Almost Nucked America: The Day the United States Almost Destroyed Itself

During the Cold War, the biggest threat was a nuclear strike by the Soviet Union. But, for a brief moment during those tense years, the United States almost nuked itself.

When two Mark 39 hydrogen bombs were accidently dropped over Goldsboro, North Carolina, on January 23, 1961, the United States narrowly avoided a cataclysmic calamity. The bombs were dropped after a US Air Force B-52 bomber split up in mid-air. One of the explosives behaved exactly as intended: its parachute deployed, its trigger mechanisms were activated, and, astonishingly, a single low-voltage switch prevented horrific carnage.

A 24-hour airborne alert operation off the American Atlantic Coast was being carried out by “Keep 19,” a Boeing B-52G-95-BW Stratofortress belonging to the 4241st Strategic Wing. The Strategic Air Command had B-52 bombers equipped with nuclear weapons flying round-the-clock, every day of the week during that period when the United States and the Soviet Union were at war. Pilots Capt. Richard W. Hardin and 1st Lt. Adam C. Mattocks were flying the aircraft under the leadership of Maj. Walter S. Tulloch, U.S. Air Force. Two Mark 39 thermonuclear bombs, each with a yield of 3–4 megatons, were mounted on it.

More than 700 of the Mark 39 thermonuclear bombs, which had two stages and radiation-implosion technology, were built between 1957 and 1959. It was fully fused, which meant that it could explode upon impact with the ground as an airburst, or “lay down,” in which case a sequence of parachute drops would slow the bomb before it touched down on its target, giving the bomber time to escape the blast zone.

The Mark 39 was a relatively light weapon, weighing between 6,500 and 6,750 pounds, with a bomb that was around 12 feet long and almost 3 feet in diameter. The Mark 39 had an explosive yield of 3.8 megatons, which is 250 times more powerful than the Hiroshima bomb and would have been enough to annihilate everyone and everything in a 17-mile radius, or roughly the region inside the Capital Beltway surrounding Washington, DC.

Three days after President John F. Kennedy assumed office, the crew of an air tanker alerted Major Tulloch that the B-52’s right wing was leaking fuel while the aircraft was refuelling in flight. As the B-52 was instructed to return to Seymour Johnson Air Force Base in North Carolina to try an emergency landing, a significant leak occurred, resulting in the loss of more than 5,400 gallons (37,000 pounds) of jet fuel in less than three minutes.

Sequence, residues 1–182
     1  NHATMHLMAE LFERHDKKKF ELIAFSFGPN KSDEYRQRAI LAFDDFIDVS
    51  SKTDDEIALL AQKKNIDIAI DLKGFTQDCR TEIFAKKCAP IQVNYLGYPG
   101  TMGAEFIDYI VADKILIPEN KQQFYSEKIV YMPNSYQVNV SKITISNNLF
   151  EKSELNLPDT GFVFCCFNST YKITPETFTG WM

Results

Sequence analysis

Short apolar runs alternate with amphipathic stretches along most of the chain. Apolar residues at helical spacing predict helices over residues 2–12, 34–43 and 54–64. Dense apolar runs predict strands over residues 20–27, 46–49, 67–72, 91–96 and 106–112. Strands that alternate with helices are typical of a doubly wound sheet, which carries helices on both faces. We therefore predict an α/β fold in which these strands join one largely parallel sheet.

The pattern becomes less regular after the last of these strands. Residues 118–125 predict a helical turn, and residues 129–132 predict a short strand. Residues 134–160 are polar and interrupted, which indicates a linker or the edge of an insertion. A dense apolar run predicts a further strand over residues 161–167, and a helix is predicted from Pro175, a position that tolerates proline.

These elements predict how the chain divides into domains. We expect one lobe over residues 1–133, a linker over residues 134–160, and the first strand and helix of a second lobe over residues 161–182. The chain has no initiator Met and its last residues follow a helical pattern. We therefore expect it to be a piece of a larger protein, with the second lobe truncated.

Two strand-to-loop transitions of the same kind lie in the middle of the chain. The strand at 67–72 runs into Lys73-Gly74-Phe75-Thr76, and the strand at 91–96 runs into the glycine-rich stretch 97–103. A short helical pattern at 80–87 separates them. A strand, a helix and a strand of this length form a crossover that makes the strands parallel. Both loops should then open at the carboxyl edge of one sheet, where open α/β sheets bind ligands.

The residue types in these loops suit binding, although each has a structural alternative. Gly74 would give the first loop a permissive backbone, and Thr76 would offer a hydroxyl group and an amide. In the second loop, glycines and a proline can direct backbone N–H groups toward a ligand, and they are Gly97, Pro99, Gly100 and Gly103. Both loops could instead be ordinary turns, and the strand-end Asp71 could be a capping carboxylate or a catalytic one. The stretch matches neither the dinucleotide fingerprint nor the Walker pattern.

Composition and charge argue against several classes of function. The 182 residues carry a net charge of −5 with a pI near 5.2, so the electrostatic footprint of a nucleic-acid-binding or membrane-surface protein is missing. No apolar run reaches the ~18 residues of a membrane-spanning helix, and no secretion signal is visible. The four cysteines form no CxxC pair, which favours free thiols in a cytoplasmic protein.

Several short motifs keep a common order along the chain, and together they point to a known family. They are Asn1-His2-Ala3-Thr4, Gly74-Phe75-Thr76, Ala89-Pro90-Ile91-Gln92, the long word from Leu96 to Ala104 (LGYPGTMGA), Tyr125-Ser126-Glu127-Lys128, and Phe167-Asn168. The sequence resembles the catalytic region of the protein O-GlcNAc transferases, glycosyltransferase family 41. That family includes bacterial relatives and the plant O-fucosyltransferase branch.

The bomber became more difficult to control as they fell because of the imbalance caused by the excessive fuel load. As the right wing began to shear off, the bomber lost control, and Major Tulloch gave the crew the order to flee the perilous aircraft. Before the B-52 disintegrated and exploded, five crew members exited by the top hatch and one using a ladder. Sadly, three crew members—Majors Shelton and Richards and Sergeant Barnish—were killed, and its wreckage covered an area of around two square miles.

The B-52’s two Mark 39 bombs were unleashed as it disintegrated. One buried itself more than 180 feet deep after crashing into a muddy field at a speed of nearly 700 mph. The parachute safety system on the other bomb worked as anticipated, and it landed almost unharmed, finding hanging from a tree, the parachute saving it from striking the ground.

The military has a code word for an incident like this involving the loss of nuclear weapons called “Broken Arrow.” Some reports claim that five of the six steps (or six of the seven) necessary for a thermonuclear detonation occurred, despite official statements to the contrary.

Although it was difficult to collect the buried bomb, it was mostly found after eight days, including the 92 detonators and conventional explosive “lenses” of the “primary,” or first stage implosion section. The bomb’s actual core, the uranium-235/plutonium-239 “pit,” was discovered on January 29. But the “secondary” was never discovered.

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